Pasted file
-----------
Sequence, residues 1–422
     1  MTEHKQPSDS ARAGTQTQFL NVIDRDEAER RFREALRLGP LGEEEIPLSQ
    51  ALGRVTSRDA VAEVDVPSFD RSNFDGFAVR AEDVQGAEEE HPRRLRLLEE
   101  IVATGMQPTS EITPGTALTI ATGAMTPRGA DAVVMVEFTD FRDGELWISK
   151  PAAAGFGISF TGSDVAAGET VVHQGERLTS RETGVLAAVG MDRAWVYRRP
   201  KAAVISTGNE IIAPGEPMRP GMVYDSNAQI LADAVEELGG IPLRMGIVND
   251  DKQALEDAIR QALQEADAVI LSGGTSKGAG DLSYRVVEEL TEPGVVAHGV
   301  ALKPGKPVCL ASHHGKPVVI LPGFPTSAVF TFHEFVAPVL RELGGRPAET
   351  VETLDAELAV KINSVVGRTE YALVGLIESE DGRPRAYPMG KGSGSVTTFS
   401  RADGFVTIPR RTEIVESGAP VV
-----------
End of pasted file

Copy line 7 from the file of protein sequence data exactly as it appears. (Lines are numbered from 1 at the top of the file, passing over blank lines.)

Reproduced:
   251  DKQALEDAIR QALQEADAVI LSGGTSKGAG DLSYRVVEEL TEPGVVAHGV